Nine candidates, both Republican and Democrat, vying for Jeff Sessions’ former Senate seat participated in a candidate forum and straw poll last night in Huntsville. Al.com reports the event was organized by the Christian Citizen Task Force, with over 300 people in attendance.

healthcare protest
Lawrence Specker / al.com

Protestors gathered in multiple Alabama cities yesterday to voice their opposition to a proposed replacement for the Affordable Care Act.

In Mobile, Al.com reports around 100 people gathered in front of the federal courthouse yesterday evening. The event was in part to promote organizers’ demand for Alabama U.S. Senators Richard Shelby and Luther Strange to actually meet with their constituents ahead of a healthcare vote in the Senate.

The Senate Leadership Fund is planning a $2.6 million television ad buy on behalf of Senator Luther Strange as the group seeks to ward off challengers for the Senate seat previously held by now-Attorney General Jeff Sessions.

The super political action committee, with ties to Senate Majority Leader Mitch McConnell, announced the buy yesterday in a show of fiscal force leading up to the Aug. 15 Republican primary.

Senate Leadership Fund spokesman Chris Pack said the buy is just a fraction of what the group plans on spending to support Strange.

The race to more permanently fill the U.S. Senate Seat formerly held by now-Attorney General Jeff Sessions is heating up. But one potential candidate is complaining that GOP officials are treating appointee Luther Strange as an incumbent, and discouraging challengers from running against him.

Former Alabama Chief Justice Roy Moore is running for the U.S. Senate.

Moore made the announcement on the steps of the Alabama Capitol this afternoon.

Speculation has swirled that Moore might run for another office after being suspended from the bench.

Moore will run in what is expected to be a crowded GOP primary to fill the seat vacated by now U.S. Attorney General Jeff Sessions.

Another challenger has announced his candidacy for the U.S. Senate seat currently occupied by former Attorney General Luther Strange.

Dr. Randy Brinson, a Montgomery gastroenterologist and chairman of the Christian Coalition of Alabama, announced Monday he is running to fill Attorney General Jeff Sessions' former Senate seat.

Brinson is the founder of Redeem The Vote, a group aimed at getting young evangelical Christians involved in politics. In his announcement, Brinson said voters are frustrated with "corruption, self-dealing and venality of politicians."

State Auditor Questions Legality of Senate Vote

Feb 16, 2017

Alabama Governor Robert Bentley's plans for an election to replace Alabama U.S. Senator Jeff Sessions are drawing widespread criticism.

Bentley wants to schedule the election for November 2018. Jeff Sessions vacated the seat when he was appointed as US Attorney General. State election law says if the vacancy occurs within sixty days, four months, or a longer amount of time from the regular election, the vote must be held "forthwith". The 2018 regular election is twenty-one months away.

Alabama Governor Robert Bentley has announced the special election to fill the Senate seat vacated by Jeff Sessions won’t be held until next year.

Governor Bentley’s office issued a news release yesterday saying a special primary election would be held June 5, 2018, with a primary runoff taking place July 17 if necessary. The special general election will be held on November 6, 2018. Those dates coordinate exactly with the 2018 General Election.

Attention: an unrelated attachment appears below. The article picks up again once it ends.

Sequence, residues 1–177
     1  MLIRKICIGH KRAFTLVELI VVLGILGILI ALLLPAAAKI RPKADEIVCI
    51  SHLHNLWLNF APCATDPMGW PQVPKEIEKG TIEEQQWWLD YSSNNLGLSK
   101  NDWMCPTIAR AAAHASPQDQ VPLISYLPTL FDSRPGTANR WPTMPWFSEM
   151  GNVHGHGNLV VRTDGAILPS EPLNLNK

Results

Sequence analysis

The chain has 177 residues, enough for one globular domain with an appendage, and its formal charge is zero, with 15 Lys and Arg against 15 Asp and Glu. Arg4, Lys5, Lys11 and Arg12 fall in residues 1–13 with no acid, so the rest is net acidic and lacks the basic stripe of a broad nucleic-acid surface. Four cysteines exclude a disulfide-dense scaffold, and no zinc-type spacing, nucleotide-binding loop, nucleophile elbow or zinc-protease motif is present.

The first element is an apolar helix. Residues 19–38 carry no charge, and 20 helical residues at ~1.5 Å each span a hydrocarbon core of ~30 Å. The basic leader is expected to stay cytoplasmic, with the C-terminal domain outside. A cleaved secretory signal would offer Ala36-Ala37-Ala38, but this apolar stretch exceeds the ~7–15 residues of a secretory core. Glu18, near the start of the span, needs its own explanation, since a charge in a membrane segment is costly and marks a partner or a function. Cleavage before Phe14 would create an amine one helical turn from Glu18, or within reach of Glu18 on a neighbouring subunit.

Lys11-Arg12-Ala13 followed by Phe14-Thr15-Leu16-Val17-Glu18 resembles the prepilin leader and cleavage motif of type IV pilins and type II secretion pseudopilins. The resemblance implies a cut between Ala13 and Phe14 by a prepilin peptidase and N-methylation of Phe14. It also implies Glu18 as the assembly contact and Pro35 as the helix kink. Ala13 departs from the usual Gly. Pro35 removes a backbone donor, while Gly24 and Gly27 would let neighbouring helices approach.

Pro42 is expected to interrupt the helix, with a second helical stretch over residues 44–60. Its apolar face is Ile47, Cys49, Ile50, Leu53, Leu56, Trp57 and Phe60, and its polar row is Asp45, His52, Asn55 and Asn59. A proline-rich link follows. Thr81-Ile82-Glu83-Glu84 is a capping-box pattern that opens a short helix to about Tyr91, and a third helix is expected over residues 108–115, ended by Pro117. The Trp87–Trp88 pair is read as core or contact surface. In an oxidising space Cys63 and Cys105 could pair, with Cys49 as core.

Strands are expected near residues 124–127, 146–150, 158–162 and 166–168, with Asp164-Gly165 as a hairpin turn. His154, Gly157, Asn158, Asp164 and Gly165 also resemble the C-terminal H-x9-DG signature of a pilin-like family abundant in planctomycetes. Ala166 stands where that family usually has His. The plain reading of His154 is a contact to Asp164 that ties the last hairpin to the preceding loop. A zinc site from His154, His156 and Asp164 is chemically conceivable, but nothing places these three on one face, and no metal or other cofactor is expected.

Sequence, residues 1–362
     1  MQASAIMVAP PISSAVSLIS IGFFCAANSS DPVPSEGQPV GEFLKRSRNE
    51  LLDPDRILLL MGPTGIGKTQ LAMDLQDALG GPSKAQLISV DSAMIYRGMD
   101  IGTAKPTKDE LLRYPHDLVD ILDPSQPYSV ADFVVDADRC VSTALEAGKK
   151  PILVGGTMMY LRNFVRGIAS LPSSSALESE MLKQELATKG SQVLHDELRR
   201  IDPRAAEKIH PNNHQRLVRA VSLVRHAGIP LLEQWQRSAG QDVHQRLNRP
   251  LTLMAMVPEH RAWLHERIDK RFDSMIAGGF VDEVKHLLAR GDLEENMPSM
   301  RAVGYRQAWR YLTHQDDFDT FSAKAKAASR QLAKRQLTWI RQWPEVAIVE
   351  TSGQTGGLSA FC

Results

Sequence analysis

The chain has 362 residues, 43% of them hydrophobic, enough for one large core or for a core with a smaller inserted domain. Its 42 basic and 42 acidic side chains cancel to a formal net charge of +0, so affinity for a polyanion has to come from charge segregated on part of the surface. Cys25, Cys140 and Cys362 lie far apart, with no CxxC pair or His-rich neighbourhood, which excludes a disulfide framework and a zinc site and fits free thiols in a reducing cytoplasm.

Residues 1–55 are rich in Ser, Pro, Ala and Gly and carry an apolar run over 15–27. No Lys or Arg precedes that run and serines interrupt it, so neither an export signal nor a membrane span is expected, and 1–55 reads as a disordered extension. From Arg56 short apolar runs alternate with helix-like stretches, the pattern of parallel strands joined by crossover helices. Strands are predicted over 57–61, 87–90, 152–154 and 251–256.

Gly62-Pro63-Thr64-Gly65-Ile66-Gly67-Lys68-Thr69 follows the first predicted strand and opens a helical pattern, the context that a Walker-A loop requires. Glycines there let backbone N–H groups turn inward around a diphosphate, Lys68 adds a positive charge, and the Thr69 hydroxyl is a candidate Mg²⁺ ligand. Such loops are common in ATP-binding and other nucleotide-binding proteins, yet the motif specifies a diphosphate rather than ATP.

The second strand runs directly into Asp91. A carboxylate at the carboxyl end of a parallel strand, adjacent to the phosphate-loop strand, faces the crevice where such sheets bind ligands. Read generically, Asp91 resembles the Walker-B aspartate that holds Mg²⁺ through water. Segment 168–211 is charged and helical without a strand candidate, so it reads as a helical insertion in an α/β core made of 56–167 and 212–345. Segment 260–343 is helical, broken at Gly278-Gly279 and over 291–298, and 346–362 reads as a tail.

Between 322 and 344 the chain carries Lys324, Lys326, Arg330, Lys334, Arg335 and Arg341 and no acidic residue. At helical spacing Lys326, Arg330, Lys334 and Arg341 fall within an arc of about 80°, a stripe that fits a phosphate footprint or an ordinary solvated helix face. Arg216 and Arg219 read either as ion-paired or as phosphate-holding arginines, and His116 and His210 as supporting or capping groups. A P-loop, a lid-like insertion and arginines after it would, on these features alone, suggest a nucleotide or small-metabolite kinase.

Alabama Governor Robert Bentley has appointed the state’s Attorney General Luther Strange to replace Jeff Sessions in the U.S. Senate.

Sessions was confirmed yesterday as the 84th Attorney General of the United States, leaving a vacancy for Alabama’s representation in the Senate. Strange will begin serving in the Senate immediately and will hold the position until a special election is held during next year’s general elections. The winner of that election will serve the remainder of Sessions’ term, which ends in 2020.

Sessions
AP

Alabama Senator Jeff Sessions is expected to face his peers in the U.S. Senate this evening in his bid to become the next Attorney General.

Sessions is widely expected to win confirmation as Attorney General. Reports indicate he has unanimous partisan support, and at least one Democratic Senator, Joe Manchin of West Virginia, has pledged his support for Sessions.

Governor Robert Bentley is naming six finalists for the U.S. Senate seat now held by attorney general nominee Jeff Sessions.  

Bentley's list includes U.S. Representative Robert Aderholt of Haleyville and the pro tem of the State Senate, Del Marsh of Anniston.

Others include State Attorney General Luther Strange; Bentley appointee Jim Byard; state Representative Connie Rowe of Jasper; and former state legislator Perry Hooper Jr. of Montgomery.

The U.S. Senate Judiciary Committee was scheduled to vote on Senator Jeff Sessions’ confirmation as the next U.S. Attorney General earlier this week. But that vote has been delayed until next Tuesday.

Senator Sessions has faced intense criticism from the left for his conservative voting record, and civil rights advocates including the National Association for the Advancement of Colored People have pointed to allegations of racist behavior.

Sessions
AP

Lawsuits have been filed claiming President Donald Trump’s foreign business dealings violate the Constitution. The impending litigation could test the relationship between President Trump and his pick for U.S. Attorney General – Alabama Senator Jeff Sessions.

Joyce White Vance
Wikimedia

U.S. Attorney Joyce White Vance has announced her intent to retire from the Department of Justice.

Vance, whose district includes the 31 northernmost counties of Alabama, announced yesterday that her last day as U.S. Attorney will be Jan. 19.

Vance has spent 25 years as a federal prosecutor and was one of the first five U.S. Attorneys nominated by President Barack Obama. The Senate unanimously confirmed her nomination in 2009.

Before that, Vance spent 18 years in the federal prosecutor's office, last serving as chief of its Appellate Division.

Shelby wins U.S. Senate Race

Nov 8, 2016

Republican U.S. Sen. Richard Shelby will spend a sixth term in Washington.

Shelby easily defeated Democratic challenger Ron Crumpton. Crumpton is best known in the state as an advocate for legalizing medicinal marijuana.

The 82-year-old senator was first elected as Democrat in 1986, but switched to the GOP in 1994. He faced no significant opposition in 2004 and 2006, as right-leaning scorecards ranked him as one of the most conservative members of the U.S. Senate.